Do I Need an Anti-Virus Program for My Mac?

Being security-conscious may be the best defense

Macbook Pro on a table

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The Mac isn't immune to viruses, Trojans, backdoors, ransomware, adware, and spyware. The main difference between Mac and Windows PCs is that no successful viruses written for OS X have shown up outside a security research organization. It's not impossible to create a virus that could infect a Mac; it's just more difficult because of the nature of OS X and its security model.

Even though no known viruses target the Mac, it's not safe from attack. The Mac OS, its included applications, and third-party software have security issues that can allow an attack; however, the attack isn't likely to be from a virus. Currently, adware is the most common type of malware that infects the Mac.

Using Anti-Virus Apps on Your Mac

Do you need an anti-virus app for your Mac? It depends on how and where you use your computer.

The term anti-virus covers a wide range of malware that could target a Mac. Anti-virus programs don't just protect against known viruses; they also include anti-phishing, anti-adware, anti-spyware, anti-ransomware, and other tools that keep a Mac from picking up malware as you browse the web, open email attachments, or download apps and extensions.

The downside is that many of the Mac security apps available are ported Windows security apps that have a long list of Windows-based malware they protect against but don't include Mac malware in their databases. These apps may also cause the Mac to run slower, especially if these apps run in the background and consume resources to operate.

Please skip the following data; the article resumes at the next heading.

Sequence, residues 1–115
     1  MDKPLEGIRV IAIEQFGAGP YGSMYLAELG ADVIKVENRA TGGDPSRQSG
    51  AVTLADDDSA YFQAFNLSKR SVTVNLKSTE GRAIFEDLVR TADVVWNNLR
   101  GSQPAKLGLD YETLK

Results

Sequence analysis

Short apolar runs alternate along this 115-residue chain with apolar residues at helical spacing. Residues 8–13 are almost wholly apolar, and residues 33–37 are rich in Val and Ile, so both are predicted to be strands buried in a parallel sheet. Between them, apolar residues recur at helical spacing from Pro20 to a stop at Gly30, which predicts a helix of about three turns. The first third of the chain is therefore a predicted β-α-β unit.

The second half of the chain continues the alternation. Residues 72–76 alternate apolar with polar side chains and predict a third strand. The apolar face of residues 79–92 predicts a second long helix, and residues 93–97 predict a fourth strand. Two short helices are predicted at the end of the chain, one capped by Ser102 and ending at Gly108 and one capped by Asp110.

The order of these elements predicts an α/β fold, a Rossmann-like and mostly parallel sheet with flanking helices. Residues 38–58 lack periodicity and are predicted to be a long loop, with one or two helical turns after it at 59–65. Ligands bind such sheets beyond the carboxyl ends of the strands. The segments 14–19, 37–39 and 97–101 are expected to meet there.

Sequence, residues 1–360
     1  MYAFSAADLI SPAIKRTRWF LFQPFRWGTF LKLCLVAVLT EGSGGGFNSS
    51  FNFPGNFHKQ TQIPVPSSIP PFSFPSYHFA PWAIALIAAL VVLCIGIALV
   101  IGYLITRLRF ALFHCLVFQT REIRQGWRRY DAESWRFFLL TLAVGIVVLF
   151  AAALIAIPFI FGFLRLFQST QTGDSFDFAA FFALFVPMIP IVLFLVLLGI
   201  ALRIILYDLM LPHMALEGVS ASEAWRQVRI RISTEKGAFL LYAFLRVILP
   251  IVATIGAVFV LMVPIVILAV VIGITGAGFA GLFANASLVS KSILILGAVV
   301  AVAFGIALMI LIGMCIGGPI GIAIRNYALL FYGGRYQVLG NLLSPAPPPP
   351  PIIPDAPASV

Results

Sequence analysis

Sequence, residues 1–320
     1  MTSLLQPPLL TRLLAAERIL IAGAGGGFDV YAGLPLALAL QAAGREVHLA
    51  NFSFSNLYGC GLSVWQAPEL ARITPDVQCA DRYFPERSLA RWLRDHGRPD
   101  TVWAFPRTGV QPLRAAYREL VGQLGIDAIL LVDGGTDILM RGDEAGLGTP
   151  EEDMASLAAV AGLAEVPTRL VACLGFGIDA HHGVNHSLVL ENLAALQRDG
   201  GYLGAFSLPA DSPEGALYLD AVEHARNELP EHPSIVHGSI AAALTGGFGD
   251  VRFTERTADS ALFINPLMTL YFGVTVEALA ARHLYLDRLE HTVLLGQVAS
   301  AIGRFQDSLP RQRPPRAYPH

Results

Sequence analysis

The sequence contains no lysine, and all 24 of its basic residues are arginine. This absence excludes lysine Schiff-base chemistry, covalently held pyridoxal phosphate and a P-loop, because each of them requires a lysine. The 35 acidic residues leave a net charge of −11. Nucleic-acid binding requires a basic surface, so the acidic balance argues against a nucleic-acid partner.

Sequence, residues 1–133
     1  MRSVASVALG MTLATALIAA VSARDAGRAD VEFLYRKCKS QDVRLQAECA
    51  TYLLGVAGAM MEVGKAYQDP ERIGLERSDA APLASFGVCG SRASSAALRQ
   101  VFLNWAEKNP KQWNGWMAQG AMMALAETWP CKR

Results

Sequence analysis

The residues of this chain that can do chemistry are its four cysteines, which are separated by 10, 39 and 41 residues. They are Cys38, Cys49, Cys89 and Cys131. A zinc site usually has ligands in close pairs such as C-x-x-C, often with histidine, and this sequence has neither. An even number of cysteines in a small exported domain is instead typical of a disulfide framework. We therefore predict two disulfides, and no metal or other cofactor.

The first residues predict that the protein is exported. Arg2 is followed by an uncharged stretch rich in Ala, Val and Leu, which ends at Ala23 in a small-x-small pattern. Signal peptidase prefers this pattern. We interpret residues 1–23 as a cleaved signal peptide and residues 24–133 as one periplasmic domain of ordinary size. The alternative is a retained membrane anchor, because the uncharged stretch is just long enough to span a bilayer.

It is possible to forward an email or an Excel spreadsheet that contains malware from a Mac computer to a Windows computer that does not have anti-virus software installed. Security apps that were ported from Windows protect these Windows computers in mixed computing platforms.

Which Anti-Virus Apps to Use

Using anti-virus software that has active components that run in the background and continually scan for malware is not recommended. Using active scanning apps may decrease the performance of the Mac, cause stability issues, or prevent some apps from working correctly.

Here are a couple of anti-virus apps for Mac:

  • EtreCheck is a diagnostic tool that determines what's causing a Mac to behave strangely. It doesn't remove malware or adware, it discovers if any are present.
  • AdwareMedic is now known as Malwarebytes Anti-Malware for Mac. It focuses on malware by scanning for the signature files left behind by malware installations. AdwareMedic has no active component, that is, it doesn't scan the Mac in the background. Instead, you run the app any time you think there's a malware issue.

Be Security Conscious

Being security conscious is probably the best defense against any of the threats that may target the Mac. Understand the type of actions that put your Mac, and you, at risk. Avoiding these risky behaviors is the best defense against malware.